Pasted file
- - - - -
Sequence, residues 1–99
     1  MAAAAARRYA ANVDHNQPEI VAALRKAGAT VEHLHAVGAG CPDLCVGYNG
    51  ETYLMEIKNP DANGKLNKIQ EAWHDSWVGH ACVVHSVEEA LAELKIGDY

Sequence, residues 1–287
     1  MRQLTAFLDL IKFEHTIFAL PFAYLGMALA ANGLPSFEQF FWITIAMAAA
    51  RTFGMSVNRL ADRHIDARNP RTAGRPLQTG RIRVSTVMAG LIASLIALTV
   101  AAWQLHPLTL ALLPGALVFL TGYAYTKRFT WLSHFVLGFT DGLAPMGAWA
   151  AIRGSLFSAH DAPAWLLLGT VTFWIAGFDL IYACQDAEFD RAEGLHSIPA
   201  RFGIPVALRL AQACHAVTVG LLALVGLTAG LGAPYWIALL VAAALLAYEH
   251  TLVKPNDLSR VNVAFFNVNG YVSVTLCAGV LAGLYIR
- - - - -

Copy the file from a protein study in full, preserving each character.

Sequence, residues 1–99
     1  MAAAAARRYA ANVDHNQPEI VAALRKAGAT VEHLHAVGAG CPDLCVGYNG
    51  ETYLMEIKNP DANGKLNKIQ EAWHDSWVGH ACVVHSVEEA LAELKIGDY

Sequence, residues 1–287
     1  MRQLTAFLDL IKFEHTIFAL PFAYLGMALA ANGLPSFEQF FWITIAMAAA
    51  RTFGMSVNRL ADRHIDARNP RTAGRPLQTG RIRVSTVMAG LIASLIALTV
   101  AAWQLHPLTL ALLPGALVFL TGYAYTKRFT WLSHFVLGFT DGLAPMGAWA
   151  AIRGSLFSAH DAPAWLLLGT VTFWIAGFDL IYACQDAEFD RAEGLHSIPA
   201  RFGIPVALRL AQACHAVTVG LLALVGLTAG LGAPYWIALL VAAALLAYEH
   251  TLVKPNDLSR VNVAFFNVNG YVSVTLCAGV LAGLYIR